Bush Win Would Shift HIV/AIDS Policy, Personnel
A presidential administration run by Texas Gov. George W. Bush (R) could mean the end of the Office of National AIDS Policy and the President's Advisory Council on AIDS, an AIDS Policy & Law newsletter reports. These are just two of the ways in which a Bush presidency, as well as the changing makeup of Congress, could affect HIV/AIDS policy. According to AIDS Policy & Law, "Few expect Bush to renew" the advisory council, which issued its final report last month. The Office of National AIDS Policy might not survive even if Vice President Al Gore takes office, as one activist questioned whether it is still "needed any longer." Sandra Thurman, national AIDS policy director and special diplomatic envoy for AIDS assistance abroad, would not be retained in a Bush administration because she "is seen as too closely associated with President Clinton," the newsletter writes. Two departures that are "certain" under a Bush presidency are Surgeon General David Satcher and Timothy Westmoreland, director of Medicaid for the Health Care Financing Administration. Westmoreland has "worked on AIDS issues since the early days of the epidemic" and "sought to extend [Medicaid] to include people with HIV." Claude Earl Fox, head of the Health Resources and Services Administration, which oversees the Ryan White CARE Act, is "likely to depart, though not immediately." One possible nominee for either HHS secretary or surgeon general in a Bush administration, according to the newsletter, is Antonia Novello, who served as surgeon general for former President George Bush and is currently the state health commissioner in New York. One analyst told the newsletter, "She would be great for HIV/AIDS issues," though another said Novello's support for needle-exchange programs and her "outspokenness about how homophobia contributes to the spread of the epidemic" make her an unlikely choice.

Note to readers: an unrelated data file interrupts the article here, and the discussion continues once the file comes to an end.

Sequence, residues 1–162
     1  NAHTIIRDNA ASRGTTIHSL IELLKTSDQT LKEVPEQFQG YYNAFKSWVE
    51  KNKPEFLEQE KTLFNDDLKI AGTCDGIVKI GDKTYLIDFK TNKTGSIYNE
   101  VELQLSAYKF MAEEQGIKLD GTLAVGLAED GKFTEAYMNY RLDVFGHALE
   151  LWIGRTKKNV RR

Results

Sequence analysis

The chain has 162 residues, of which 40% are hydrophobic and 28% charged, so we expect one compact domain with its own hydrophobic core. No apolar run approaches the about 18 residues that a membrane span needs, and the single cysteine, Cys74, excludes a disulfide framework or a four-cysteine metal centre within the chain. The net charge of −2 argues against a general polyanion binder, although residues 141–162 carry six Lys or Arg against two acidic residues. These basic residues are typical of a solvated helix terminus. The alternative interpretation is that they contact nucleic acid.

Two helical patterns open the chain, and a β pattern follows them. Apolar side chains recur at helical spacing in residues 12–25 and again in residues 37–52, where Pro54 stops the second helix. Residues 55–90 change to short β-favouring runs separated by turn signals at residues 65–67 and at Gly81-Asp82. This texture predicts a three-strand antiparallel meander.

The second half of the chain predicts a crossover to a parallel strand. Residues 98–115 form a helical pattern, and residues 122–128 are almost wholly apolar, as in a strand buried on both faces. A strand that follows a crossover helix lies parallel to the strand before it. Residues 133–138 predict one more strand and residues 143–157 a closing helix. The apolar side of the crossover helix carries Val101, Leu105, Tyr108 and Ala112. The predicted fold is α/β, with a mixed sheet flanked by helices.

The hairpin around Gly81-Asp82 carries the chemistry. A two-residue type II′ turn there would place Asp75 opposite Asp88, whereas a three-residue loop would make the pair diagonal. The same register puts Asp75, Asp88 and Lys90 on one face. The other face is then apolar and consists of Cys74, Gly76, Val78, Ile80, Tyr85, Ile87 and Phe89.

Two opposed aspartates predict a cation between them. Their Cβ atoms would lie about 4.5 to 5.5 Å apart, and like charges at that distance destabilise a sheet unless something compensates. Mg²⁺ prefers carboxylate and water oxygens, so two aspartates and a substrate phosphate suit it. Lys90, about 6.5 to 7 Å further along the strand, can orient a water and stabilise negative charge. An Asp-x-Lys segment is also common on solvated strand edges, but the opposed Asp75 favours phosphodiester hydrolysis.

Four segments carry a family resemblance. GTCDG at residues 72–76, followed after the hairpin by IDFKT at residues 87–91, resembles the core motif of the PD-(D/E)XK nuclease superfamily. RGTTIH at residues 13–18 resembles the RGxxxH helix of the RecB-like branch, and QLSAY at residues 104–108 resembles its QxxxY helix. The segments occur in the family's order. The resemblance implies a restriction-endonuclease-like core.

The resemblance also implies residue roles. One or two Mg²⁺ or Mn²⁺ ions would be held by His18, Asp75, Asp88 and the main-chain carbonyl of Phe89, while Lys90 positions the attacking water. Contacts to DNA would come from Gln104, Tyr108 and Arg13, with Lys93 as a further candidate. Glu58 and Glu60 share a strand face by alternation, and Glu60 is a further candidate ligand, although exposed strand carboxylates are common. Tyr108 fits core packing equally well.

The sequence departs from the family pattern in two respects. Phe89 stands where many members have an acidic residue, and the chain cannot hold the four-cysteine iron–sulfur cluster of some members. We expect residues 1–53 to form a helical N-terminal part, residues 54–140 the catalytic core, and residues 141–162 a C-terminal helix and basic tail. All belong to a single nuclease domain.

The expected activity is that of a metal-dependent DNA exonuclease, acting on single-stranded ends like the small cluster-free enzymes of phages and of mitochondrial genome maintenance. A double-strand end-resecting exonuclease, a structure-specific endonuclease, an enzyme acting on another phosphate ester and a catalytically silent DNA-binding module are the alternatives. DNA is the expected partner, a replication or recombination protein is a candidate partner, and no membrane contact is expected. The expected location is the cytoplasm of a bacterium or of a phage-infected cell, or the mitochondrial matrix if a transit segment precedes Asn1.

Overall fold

In the House, Rep. John Porter (R-Ill.), who chaired the Labor/HHS subcommittee for appropriations that oversees spending on most HIV research, treatment and care programs is retiring at the end of this term. He also was a "strong advocate for increased funding at the NIH." Also departing is Rep. Tom Coburn (R-Okla.), thus leaving a "void in the House Republican ranks on HIV policy development." In co-sponsoring the reauthorization of the Ryan White CARE Act, Coburn "pressed for provisions that emphasized prevention, revised the funding formula for grants and gave states financial incentives to test newborns for HIV." Rumors have arisen that Coburn, a physician, may be appointed HHS secretary in a Bush administration, although a Coburn spokesperson called such speculation "premature" (AIDS Policy & Law, 11/24).